Steles of Anamnesis, 1994-1995.
La civilisation du phoque, 1994-1995.
Ninna nanna, 1995
Les Ames du purgatoire, 1995
Nanook Sequence 1996
Cranial Nerves, 1996
Still Lives, 1996
L’art de la guerre, 1997
Leçons d’anatomie, 1998
1930 circa, 2002
Inventarium, 2004 (detail)
Ex voto, 1990-2006
Monte Carmelo, 2009
La Buoncostume 01, 2009
La B-C, 2009
L’Illustrazione Italiana ter, 2009
My artistic activity over the last years has focused on our common historic heritage. More specifically, I have endeavored to elaborate an iconographic program that enriches and skews our perception of “our” family portraits. To achieve this objective, I have collected archival material, scientific diagrams, administrative documents, as well as police mug shots and plates from anthropological studies. From such material, I have created new images. The work I have undertaken in recent years involving collages created from original documents mixed with painting naturally led me to attempt to develop a ‘photograph of history’.
Considering photography solely as a method of reproduction – i.e. its most restricted function — I have used it as a fragmented piece of “evidence” in large-scale articulated works, which were not intended to propose new meanings but rather to call into question our manner of regarding the past. The images I exposed were often mutilated and reduced to fragments, which prevented the viewer from imagining the whole that could be constructed from these fragments; they were sometimes rendered illegible by the superimposed layers of documents and iconographical material.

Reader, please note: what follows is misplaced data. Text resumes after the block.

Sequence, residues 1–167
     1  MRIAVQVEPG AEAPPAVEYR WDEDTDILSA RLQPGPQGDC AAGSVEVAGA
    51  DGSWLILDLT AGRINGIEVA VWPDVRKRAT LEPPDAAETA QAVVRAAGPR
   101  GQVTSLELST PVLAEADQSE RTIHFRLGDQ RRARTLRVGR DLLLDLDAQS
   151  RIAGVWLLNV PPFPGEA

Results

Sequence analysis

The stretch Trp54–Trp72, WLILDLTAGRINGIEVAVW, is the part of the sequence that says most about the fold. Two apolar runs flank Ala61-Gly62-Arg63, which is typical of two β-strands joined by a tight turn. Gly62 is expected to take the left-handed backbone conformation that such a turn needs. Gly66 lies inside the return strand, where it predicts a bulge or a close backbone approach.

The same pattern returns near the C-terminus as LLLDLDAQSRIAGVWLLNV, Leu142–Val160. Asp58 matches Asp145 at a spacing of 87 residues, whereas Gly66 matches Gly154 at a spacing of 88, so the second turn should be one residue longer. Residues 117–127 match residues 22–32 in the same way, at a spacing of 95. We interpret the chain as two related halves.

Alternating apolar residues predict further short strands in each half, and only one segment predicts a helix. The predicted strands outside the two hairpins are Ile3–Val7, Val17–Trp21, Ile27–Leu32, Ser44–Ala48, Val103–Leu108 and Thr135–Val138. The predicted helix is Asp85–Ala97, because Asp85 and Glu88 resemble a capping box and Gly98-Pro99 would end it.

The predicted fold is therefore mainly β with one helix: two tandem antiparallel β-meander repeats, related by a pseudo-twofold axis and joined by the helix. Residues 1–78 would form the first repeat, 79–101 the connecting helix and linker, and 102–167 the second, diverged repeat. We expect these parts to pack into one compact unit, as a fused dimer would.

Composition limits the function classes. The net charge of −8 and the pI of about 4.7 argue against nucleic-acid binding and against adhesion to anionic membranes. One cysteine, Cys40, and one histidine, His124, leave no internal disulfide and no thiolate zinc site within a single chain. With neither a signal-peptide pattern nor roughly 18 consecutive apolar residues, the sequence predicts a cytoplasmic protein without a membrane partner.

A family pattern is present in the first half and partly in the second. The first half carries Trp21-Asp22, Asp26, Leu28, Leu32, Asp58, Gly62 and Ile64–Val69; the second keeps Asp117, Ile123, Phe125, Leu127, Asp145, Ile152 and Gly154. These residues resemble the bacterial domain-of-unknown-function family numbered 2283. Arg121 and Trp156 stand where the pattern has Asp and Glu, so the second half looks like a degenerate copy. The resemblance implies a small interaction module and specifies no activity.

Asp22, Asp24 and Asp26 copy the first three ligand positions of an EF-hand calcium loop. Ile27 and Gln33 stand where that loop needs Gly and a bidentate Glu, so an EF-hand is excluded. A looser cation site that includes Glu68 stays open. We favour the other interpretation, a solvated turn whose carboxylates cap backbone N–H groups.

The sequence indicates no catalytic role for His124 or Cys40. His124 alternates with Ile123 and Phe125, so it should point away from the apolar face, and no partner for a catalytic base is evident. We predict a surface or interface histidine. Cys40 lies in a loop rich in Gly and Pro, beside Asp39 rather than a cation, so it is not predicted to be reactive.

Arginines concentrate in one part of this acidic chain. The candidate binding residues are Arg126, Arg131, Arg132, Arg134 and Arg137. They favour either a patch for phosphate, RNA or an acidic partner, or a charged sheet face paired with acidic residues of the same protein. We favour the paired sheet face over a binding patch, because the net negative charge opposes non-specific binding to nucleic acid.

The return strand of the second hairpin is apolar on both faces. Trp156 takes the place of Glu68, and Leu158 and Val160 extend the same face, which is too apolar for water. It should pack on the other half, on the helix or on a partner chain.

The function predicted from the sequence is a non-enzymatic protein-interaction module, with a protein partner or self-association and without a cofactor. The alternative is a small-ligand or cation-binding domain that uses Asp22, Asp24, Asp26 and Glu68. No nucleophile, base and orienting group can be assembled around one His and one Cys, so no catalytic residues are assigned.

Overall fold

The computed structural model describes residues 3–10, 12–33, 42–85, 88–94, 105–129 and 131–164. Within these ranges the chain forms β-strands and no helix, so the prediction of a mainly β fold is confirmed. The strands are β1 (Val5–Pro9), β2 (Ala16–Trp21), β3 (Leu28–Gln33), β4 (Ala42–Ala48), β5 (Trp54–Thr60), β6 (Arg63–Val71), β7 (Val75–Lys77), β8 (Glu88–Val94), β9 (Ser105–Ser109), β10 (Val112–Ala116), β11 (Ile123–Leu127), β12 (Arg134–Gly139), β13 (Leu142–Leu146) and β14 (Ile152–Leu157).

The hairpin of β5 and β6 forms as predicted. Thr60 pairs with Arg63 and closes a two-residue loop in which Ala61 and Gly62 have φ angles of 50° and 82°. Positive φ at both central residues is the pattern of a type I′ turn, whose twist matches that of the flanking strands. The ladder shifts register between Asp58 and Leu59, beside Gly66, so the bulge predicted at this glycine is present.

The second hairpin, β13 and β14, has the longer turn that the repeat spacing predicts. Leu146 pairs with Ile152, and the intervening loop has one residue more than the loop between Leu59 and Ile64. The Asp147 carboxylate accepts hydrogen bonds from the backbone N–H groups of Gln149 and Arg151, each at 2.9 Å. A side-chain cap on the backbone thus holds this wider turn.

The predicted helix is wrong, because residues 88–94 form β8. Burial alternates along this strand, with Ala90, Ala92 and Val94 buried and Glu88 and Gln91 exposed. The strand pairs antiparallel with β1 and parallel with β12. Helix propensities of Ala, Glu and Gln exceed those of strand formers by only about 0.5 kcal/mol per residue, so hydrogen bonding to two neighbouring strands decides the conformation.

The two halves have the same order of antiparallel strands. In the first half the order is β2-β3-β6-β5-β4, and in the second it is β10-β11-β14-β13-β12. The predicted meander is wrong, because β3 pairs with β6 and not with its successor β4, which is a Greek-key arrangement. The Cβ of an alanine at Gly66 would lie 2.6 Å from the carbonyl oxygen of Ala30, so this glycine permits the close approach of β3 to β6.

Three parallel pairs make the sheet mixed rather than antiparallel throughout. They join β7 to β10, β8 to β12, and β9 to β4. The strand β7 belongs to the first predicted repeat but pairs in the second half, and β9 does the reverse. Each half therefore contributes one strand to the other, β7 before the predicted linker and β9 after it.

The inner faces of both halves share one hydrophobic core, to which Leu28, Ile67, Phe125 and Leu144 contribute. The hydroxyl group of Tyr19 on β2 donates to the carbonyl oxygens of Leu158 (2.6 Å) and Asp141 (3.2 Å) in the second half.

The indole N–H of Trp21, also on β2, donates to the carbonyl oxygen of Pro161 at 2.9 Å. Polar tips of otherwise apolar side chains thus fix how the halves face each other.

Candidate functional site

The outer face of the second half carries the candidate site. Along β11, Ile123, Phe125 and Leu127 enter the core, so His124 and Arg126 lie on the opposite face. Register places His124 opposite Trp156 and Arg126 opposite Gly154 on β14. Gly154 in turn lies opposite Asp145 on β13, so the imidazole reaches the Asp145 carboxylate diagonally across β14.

Using cut-up X-rays as screens or filters, I created a play of shadow and light, and transparency and opacity on the images. As both an abstract reproduction and a negative image of the hidden reaches of the body, the X-ray is itself a form of body writing – a recording that must be deciphered and interpreted. The transparency of the X-rayed body forces the viewer to reflect upon the impossible permeability of the photographed image. How can we pierce and destabilize its forms that are so saturated and definitive?
I have thus reproduced ‘our’ photographs on a support of sheets of transparent film. I superimposed them on completely unrelated photographs or on some of my earlier works that I have cut up and repainted. I then enlarged details to the point of rendering them abstract and hid them behind metal grating — a reference to pre-grammatical signs. I mounted them between two glass plates in metal structures that distanced them from the wall, thereby allowing any light source to transform them into shadows, which could be deformed or deformable according to the angle of the light source and the orientation of the frame.
By incorporating shadow in my work, I have reverted to the earliest form of image making, which, according to myth, was born from the contemplation of shadows. Using industrial supports typical of our period, such as transparent films, gelatinous material and florescent colors, I intended to shed the original icon of its solemnity and aura so as to present only a facsimile.
In addition, these materials allow us to ‘sublimate’ a mundane subject or to trivialise a pretentious subject. Perhaps this is a manner of getting around the question that has traditionally troubled all visual artists: the inadequacy of any given subject matter.
Reproduction functions as a conservation tool, yet this necessarily implies a loss. The original image having been at any rate lost, we, the viewers, are left with infinite possibilities to recreate it in our own imaginations.